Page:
These Women Of Color Were Snubbed In Past Oscars & Their Losses Are Still So Frustrating

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Being a woman of color in Hollywood is kind of like, well, being a woman of color in any other business. Women of color statistically get paid less and have less opportunity than their white counterparts, and sadly, award shows like the Oscars have shown a similar bias against women of color. Since Halle Berry broke the glass ceiling and took home the Oscar for Best Actress in a Leading Role in 2002, only 17 women of color have been nominated for a major acting award at the Oscars, out of 140 total nominees — and then there are the nine women of color below, who were snubbed for Oscars despite truly worthy work.

If you're thinking that nine is an exceptionally small number of snubs, there's a reason for it. A recent study from the Center for the Study of Women in Television & Film found that of the top 100 films released in 2016, only 32 percent of speaking roles, both major and minor, went to women. Of that number, only three percent went to Latina characters, with six percent going to Asian women and 14 percent going to black female characters. 76 percent of speaking characters given to women in the films surveyed were white. The fact is that roles for women of color are few and far between. Parts for non-white women in films that appeal to the Academy are even fewer and even farther between. So for every major snub of women of color listed here, there are many more Oscar-worthy performers of color out there. We just haven't seen them yet.

1. Ava DuVernay — 'Selma'

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When DuVernay was snubbed for Best Director in 2015 for her film Selma, it became the peak example of #OscarsSoWhite. Selma also suffered a few other major snubs, most notably a missing nomination for star David Oyelowo.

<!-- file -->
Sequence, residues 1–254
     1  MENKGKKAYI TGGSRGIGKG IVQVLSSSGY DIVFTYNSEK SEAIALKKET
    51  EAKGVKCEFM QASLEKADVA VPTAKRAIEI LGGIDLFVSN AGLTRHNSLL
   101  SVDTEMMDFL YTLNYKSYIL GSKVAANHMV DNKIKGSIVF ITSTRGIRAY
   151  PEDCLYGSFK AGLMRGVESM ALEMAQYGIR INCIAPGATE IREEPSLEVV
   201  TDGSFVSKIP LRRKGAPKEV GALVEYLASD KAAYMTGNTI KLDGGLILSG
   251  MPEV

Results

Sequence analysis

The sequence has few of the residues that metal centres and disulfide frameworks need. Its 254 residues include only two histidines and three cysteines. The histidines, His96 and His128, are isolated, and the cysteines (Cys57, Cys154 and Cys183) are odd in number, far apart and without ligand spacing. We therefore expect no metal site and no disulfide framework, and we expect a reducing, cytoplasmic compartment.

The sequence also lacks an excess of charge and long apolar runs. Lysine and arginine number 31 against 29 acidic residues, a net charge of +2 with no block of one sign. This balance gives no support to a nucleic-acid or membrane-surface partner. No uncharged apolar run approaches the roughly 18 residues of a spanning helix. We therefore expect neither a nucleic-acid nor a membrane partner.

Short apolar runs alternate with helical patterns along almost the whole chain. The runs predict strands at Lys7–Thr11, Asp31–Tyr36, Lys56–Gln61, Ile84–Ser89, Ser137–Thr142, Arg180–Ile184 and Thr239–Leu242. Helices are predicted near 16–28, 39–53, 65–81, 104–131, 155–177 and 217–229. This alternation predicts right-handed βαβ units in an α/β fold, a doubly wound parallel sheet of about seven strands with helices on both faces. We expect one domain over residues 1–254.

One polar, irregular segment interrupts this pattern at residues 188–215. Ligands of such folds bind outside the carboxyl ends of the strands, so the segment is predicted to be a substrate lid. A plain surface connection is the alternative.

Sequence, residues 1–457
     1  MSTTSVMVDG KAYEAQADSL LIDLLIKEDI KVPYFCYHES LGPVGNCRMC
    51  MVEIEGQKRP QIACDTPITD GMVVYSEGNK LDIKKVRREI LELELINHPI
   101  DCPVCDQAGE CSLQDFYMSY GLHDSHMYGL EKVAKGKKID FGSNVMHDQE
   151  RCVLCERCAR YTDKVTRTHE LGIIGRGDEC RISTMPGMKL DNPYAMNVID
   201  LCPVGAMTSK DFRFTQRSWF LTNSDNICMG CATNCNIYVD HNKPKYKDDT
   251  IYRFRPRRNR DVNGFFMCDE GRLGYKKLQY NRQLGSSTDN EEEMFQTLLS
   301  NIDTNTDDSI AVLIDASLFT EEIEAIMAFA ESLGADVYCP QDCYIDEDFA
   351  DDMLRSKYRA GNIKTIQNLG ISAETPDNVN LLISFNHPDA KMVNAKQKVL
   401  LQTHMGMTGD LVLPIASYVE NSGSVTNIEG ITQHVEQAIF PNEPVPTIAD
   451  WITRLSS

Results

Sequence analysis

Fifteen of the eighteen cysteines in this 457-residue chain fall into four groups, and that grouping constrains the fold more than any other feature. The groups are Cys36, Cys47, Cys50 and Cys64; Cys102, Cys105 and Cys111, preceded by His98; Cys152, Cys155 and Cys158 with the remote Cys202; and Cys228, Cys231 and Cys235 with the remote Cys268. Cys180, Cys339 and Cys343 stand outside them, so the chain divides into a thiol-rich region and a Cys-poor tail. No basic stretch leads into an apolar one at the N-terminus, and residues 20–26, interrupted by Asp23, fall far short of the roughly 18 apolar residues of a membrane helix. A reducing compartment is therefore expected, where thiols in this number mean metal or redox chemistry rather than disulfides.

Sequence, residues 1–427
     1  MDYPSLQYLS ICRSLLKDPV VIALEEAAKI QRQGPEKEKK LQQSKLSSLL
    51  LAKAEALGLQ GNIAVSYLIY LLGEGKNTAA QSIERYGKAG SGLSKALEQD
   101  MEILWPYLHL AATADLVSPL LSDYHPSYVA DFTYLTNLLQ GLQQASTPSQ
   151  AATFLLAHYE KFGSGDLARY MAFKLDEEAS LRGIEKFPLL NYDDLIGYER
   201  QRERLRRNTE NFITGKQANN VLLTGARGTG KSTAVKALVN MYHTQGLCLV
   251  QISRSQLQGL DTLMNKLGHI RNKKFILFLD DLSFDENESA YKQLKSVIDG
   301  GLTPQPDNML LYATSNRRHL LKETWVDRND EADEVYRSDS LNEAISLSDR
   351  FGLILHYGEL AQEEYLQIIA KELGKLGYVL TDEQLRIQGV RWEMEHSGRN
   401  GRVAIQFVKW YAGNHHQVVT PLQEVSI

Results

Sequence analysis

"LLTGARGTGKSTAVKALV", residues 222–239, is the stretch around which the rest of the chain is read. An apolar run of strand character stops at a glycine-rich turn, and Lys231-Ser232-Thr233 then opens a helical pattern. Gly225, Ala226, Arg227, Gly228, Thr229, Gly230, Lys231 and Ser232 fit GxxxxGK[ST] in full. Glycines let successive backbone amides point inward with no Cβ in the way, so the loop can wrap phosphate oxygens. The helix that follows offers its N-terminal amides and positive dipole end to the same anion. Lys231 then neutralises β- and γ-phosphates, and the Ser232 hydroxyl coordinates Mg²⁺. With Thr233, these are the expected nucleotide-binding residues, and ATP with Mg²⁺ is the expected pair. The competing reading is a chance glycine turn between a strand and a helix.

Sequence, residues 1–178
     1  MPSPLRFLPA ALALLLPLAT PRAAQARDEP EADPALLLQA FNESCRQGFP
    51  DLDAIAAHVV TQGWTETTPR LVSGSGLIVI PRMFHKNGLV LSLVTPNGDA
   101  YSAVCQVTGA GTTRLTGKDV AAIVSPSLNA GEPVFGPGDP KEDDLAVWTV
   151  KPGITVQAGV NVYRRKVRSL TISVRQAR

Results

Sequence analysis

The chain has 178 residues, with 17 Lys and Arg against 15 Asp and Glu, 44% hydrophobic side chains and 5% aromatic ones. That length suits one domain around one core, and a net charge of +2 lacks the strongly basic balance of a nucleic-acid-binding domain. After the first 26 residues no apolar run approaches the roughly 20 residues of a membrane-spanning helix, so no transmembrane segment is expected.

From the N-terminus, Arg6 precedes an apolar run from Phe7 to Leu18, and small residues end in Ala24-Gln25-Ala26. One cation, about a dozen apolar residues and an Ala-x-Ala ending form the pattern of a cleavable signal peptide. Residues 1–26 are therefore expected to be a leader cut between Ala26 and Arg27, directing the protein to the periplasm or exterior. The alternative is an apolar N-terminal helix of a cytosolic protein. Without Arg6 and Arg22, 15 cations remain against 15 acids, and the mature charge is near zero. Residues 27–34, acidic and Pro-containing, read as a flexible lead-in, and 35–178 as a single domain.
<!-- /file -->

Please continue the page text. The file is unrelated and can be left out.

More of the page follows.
2. Octavia Spencer — 'Fruitvale Station'

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Just because Spencer won an Oscar in 2011 doesn't mean she's not also at risk for being snubbed. Case in point: the lack of recognition for her heartbreaking performance in 2013's Fruitvale Station.

3. Ruby Dee — 'Do The Right Thing'

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Almost two decades before she earned her one and only nomination for Best Supporting Actress, Dee was passed over for her performance in Do the Right Thing (1989).

4. Thandie Newton — 'Crash'

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Crash was nothing if not Oscar bait, and it's surprising looking back that only one performer was nominated for an award — Matt Dillon. I can't be the only one thinking Newton, who was arguably the heart of the film, was snubbed.

5. Ziyi Zhang — 'Memoirs Of A Geisha'

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Memoirs of a Geisha was nominated for six Oscars in 2007, none of which were for the film's Asian cast. And if anyone deserved one, it was star Ziyi Zhang.

6. Taraji P. Henson — 'Hustle & Flow' / 'Hidden Figures'

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Henson's supporting work in Hustle & Flow was ignored by the Academy, and many consider her a major snub for this year's Lead Actress race. Henson might have the last laugh, however, as Hidden Figures continues to sneak up on the Best Picture race.

7. Michelle Yeoh — 'Crouching Tiger, Hidden Dragon'

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Crouching Tiger, Hidden Dragon was nominated for 10 Academy Awards, and, like Memoirs of a Geisha, received zero nominations for its actors, despite Yeoh's BAFTA nomination for Best Lead Actress.

8. Regina King — 'Ray'

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Ray was a movie beloved by the Academy, but the women of Ray, like King, who played Margie Hendricks, did not receive the same amount of praise.

9. Kerry Washington — 'Ray'

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Washington was another Ray standout snubbed by the Academy Awards.

The fact that two of the major Oscar snubs of women of color are from the same film — King and Washington — should not go unnoticed. As previously stated, the number of Oscar movies with roles for women of color are slim. The number of Oscar films with more than one role for women of color are even less common. And the only way to avoid more snubs for women of color at the Oscars in the future is for studios to start casting more non-white female stars. Keep doing it until the performances are so good and so numerous that they cannot be ignored. And, once they've hit that spot, keep going.